Marrow of the Spirit‘s “Black Lake Niðstång” marked the beginning of my journey through American band Agalloch‘s sizeable discography. The album delicately, but rather doggedly, introduced me to the band’s fusion of avant-garde black-ish metal, neo-folk and post-rock, drawing influence and inspiration from the atmosphere of Ulver and resembling the ambient nature of October Falls. It’s John Haughm’s talent for merging this kaleidoscope of textures that gives Agalloch a level of inspiring complexity while still giving the songs an air of accessibility and easy listening.
We’ve come to expect most things in life will have a beginning and an end1, it’s logical and somehow comforting. Marrow of the Spirit had a logical beginning and end, but The Serpent & The Sphere defies logic; in fact it takes logic and force feeds it to itself. The beginning is, in fact, no beginning at all, while the end loops back onto the opening strains like a giant snake devouring its own tail. Much like the infinity symbol used in the albums artwork, the album traps you in an infinite, looping dose of Agalloch-isms. Does The Serpent & the Sphere live up to the hype of being “one of the most anticipated albums of 2014?” And will the album’s sense of infinity carry the “hope of Heaven or the despair of Hell?”
Disregarding “Birth and Death of the Pillars of Creation” for the moment, “(serpens caput)” or the Snake’s Head feels like the logical starting point of the album. Much like “They Escaped the Weight of Darkness” with its guest performance by cellist Jackie Perez Gratz (Grayceon), “(serpens caput)” opens to the delicate and writhing notes of guest neo-folk guitarist Nathanaël Larochette of Musk Ox. The track captures your attention by driving together a dreamy, shifting soundscape conjuring images of otherworldly meanderings set below Nathanaël’s delicate, post-rock inspired melody. Nathanaël’s melodic contributions re-appear in “Cor Serpentis (the sphere),” and “(serpens cauda)” or the Serpent’s Tail. The tracks all falling within the three-minute range, which for an interlude or transition could be considered lengthy, but within the The Serpent & the Sphere‘s infinity, their distinctive and gentle prodding is actually over pretty quickly.
John Haughm’s vocal style switches through a multitude of phases on this album, contributing more in an instrumental fashion or voice-as-texture rather than specifically as vocals. “The Astral Dialog” and “Celestial Effigy” give you healthy tasters of John’s blackened, raspy growl, along with his ghostly, narrated whispers that remind me at times of M. Lehto’s rasps (October Falls). What I do miss on this album though are John’s piercing screams from Ashes against the Grain‘s “Not Unlike the Waves.” It’s his wounded, passionate wail that most strongly draws me into Agalloch‘s world and the closest he gets are the final few moments in “Birth and Death and the Pillars of Creation”.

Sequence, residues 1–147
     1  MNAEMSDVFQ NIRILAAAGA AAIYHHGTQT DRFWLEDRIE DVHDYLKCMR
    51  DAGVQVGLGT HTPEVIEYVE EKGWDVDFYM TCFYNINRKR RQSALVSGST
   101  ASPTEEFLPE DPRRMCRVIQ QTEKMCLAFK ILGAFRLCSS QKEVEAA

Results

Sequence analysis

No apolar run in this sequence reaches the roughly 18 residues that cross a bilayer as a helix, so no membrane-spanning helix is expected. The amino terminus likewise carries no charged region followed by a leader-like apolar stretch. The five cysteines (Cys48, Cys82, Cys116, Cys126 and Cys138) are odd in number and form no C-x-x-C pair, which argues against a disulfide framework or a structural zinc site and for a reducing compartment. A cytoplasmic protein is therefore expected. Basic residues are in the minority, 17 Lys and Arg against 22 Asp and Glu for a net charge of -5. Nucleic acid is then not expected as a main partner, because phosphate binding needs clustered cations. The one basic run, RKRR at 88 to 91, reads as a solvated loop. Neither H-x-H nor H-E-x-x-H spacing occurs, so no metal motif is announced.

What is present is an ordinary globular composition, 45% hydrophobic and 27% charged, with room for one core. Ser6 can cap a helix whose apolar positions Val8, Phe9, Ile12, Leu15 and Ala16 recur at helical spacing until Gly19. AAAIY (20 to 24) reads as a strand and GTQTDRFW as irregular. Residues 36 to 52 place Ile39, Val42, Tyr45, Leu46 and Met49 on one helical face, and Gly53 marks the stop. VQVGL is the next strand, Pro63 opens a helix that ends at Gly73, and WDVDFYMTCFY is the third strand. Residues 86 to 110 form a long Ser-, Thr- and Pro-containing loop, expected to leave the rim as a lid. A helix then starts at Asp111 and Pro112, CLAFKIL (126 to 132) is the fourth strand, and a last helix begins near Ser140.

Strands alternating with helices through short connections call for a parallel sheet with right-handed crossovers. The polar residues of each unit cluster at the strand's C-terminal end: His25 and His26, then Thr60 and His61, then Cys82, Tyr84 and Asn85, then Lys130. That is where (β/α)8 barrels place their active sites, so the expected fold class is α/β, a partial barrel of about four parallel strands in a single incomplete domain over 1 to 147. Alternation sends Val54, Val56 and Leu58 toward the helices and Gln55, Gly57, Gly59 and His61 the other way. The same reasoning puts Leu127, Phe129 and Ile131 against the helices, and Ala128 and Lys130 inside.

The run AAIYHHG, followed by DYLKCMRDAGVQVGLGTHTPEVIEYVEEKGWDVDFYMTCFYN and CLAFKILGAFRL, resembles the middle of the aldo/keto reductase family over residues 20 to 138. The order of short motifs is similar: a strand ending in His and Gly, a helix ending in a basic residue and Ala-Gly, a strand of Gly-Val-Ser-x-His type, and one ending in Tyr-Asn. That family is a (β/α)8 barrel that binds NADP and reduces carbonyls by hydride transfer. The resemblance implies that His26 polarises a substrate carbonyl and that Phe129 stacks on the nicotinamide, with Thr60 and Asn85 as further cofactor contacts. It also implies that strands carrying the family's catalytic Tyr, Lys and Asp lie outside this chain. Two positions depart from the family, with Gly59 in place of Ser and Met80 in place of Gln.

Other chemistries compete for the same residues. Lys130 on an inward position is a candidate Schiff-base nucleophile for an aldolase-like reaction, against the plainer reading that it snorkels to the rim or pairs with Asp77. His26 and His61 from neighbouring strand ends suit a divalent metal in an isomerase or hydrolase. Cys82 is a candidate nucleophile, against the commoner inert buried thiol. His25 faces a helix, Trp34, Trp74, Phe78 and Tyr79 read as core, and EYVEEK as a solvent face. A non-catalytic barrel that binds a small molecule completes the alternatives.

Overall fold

The Serpent & the Sphere rehashes many of the instrumental tricks and flourishes Agalloch delivered on earlier releases, but with less artful avant-garde quirk and embellishment. The majority of the album consists of post-rock style repetitive build-ups (“Birth and Death and the Pillars of Creation,” “Dark Matter Gods” and “Plateau of Ages” being prime examples) with subtle, barely noticeable changes here and there, culminating in lengthy subtly textured instrumental excursions that leave you unable to quickly distinguish one track from the next. If I were to give this texture a face I’d liken it to an endless expanse of brickwork.
Billy Anderson (Cloud City Studios and Everything Hz) is responsible for the mixing, mastering and production across various projects including Agalloch‘s Faustian Echoes EP, and he handled the recording and mixing here as well. This provides The Serpent with the same warmth and feel of Faustian Echoes with enough attention given to Nathanaël Larochette, but the hint of fuzzy blackened-DIY heard on Marrow doesn’t take hold here. Apart from production changes, I’ve noticed a marked shift in the dynamics across Agalloch‘s discography, with improved dynamics in play earlier in their discography — this troubles me in a band that relies heavily on subtleties.
The feeling of having been down this weary and emotional road before, both via Agalloch‘s own discography and their influences, needles me throughout the album. The Serpent & the Sphere is a clever concept and the feeling of infinity is skillfully carried through, but try as I might to find something new here, it’s not adding anything original to the Agalloch catalog and that detracts heavily from the overall listening experience. This is no contender for my year end list I’m afraid.